• Time management capabilities
  • Professionalism
  • Team work
  • Technical capabilities
  • Communication skills
  • Problem solving / showing initiative
  • Self reliance

Are you reliable, approachable, a good communicator, work well with others, have a talent for learning and applying new things? Most industry hosts are looking at the potential a student can demonstrate, alongside their purely technical skills. Most organisations tell us that they expect to spend time training up new staff in terms of demonstrable technical capabilities, but they are less willing to take a risk on a potential employee who has not been able to demonstrate professionalism, communication, reliability and honesty.

This is a very common and very reasonable question, especially for students going out to an industry placement. The short answer to this is ‘it is up to you’. Each semester a varying number of students receive job offers directly from their industry host, regardless of whether that organisations is big or small. In most cases the organisation was probably not thinking of hiring a new staff member, but were so impressed with the potential shown by the WIL student that they were not willing to let that student go.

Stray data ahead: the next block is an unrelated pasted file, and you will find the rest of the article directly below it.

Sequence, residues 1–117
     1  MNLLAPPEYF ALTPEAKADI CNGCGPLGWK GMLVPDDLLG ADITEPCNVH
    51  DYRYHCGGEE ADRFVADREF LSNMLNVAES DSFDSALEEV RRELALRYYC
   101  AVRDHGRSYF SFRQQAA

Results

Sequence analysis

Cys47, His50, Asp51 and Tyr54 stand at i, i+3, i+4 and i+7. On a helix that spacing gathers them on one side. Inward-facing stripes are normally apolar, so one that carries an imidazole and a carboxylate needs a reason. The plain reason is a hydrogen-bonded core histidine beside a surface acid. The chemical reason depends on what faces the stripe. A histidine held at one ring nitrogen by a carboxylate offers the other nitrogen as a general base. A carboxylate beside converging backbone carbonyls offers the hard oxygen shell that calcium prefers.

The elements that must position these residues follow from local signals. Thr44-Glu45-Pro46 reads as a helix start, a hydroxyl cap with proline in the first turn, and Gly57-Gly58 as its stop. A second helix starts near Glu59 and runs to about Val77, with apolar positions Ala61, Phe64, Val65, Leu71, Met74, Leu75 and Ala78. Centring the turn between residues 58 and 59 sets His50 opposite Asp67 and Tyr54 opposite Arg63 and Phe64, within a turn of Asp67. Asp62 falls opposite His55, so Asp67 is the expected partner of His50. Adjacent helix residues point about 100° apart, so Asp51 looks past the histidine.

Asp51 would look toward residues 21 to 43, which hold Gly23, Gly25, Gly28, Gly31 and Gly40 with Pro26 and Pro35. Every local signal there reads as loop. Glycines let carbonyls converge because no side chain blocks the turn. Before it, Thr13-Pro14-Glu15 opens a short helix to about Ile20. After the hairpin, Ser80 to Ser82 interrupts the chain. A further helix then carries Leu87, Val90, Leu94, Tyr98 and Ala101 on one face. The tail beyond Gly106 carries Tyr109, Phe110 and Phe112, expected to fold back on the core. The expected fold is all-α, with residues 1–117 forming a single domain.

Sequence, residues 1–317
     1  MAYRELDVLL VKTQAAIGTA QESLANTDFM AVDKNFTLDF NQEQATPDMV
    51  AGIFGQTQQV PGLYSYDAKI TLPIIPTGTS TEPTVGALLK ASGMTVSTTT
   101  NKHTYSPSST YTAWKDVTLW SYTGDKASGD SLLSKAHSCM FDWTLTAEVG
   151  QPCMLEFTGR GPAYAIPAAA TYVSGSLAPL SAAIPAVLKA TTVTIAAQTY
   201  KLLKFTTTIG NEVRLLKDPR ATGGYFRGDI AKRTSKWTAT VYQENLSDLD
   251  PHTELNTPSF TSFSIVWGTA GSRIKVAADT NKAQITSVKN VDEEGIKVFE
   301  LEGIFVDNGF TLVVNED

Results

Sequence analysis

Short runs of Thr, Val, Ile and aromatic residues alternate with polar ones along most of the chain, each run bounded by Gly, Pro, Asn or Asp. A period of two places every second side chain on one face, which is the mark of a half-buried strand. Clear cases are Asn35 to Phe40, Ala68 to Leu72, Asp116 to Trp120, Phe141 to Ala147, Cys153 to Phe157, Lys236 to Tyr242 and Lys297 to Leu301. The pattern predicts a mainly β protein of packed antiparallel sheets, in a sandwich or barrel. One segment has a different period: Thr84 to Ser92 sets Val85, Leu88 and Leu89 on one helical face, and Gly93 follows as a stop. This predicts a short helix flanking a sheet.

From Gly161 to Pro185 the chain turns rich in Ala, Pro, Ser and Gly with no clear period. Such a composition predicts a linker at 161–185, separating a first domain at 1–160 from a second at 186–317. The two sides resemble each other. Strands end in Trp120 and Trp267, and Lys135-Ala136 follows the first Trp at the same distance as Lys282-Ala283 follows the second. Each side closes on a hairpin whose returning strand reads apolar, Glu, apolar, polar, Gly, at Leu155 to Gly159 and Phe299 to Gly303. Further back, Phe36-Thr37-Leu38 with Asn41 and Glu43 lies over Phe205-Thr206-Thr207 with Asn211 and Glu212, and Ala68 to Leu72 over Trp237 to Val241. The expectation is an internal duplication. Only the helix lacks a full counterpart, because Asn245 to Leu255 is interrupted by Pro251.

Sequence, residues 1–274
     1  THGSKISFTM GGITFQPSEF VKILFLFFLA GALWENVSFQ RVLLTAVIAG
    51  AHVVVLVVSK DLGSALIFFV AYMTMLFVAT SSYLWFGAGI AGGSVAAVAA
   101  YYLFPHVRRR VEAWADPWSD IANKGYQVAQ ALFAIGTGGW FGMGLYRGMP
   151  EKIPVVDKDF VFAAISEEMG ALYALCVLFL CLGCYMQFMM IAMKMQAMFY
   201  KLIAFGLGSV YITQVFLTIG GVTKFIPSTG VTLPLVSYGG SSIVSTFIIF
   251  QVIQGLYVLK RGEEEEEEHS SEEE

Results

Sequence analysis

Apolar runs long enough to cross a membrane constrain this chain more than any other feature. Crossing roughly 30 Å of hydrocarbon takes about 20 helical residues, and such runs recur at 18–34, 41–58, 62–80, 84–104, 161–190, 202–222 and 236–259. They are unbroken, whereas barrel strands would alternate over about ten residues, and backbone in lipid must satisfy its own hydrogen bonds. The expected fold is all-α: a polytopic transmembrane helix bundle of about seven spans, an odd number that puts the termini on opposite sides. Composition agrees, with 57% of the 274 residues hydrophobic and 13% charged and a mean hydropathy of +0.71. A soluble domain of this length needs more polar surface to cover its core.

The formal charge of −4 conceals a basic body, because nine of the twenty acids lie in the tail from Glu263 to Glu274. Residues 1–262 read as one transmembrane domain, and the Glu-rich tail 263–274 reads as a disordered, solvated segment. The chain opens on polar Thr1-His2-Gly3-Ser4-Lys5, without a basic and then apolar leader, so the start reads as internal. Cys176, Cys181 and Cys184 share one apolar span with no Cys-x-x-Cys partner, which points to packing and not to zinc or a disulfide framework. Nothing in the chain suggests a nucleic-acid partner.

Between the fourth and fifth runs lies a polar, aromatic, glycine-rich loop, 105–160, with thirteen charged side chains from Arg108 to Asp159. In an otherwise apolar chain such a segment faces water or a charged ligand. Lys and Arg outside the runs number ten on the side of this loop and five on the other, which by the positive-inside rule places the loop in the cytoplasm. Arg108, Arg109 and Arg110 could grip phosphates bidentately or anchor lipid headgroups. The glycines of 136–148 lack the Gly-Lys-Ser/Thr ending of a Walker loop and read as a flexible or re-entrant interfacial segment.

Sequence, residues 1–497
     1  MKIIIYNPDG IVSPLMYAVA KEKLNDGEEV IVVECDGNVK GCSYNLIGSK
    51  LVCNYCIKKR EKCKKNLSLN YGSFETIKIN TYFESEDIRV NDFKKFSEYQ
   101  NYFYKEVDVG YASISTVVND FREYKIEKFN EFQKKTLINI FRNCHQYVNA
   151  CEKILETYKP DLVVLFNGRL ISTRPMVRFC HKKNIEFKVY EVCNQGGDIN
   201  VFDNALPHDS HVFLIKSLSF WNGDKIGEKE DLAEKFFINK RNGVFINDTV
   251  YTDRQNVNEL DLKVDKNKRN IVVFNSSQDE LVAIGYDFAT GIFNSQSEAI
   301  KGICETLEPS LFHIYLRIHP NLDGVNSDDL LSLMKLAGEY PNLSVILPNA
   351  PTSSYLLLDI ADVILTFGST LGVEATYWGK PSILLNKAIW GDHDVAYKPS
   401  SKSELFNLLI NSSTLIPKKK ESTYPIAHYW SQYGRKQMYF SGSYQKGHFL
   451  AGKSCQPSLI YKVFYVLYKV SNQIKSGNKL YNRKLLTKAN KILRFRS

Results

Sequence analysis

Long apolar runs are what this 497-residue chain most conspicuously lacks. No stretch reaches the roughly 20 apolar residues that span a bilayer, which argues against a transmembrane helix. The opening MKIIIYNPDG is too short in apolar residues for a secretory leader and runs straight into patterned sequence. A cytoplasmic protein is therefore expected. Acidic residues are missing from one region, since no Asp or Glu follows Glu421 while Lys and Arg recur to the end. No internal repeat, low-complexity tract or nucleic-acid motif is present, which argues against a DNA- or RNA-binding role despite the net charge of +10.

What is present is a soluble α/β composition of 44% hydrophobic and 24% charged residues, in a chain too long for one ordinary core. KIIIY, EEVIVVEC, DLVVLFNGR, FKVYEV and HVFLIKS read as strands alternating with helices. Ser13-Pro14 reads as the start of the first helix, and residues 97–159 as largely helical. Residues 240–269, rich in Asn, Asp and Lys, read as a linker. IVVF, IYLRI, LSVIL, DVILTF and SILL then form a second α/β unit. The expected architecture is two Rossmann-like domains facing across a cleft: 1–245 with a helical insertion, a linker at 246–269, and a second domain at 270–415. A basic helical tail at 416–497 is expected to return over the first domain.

Most host organisations do not directly hire, but the critical nature of WIL is that it can significantly shorten the gap between graduating from university and landing your first job. Feedback from our previous WIL students indicate that not only is the timeframe for job searching reduced, but successful WIL students are more likely to get the job they want as their first job.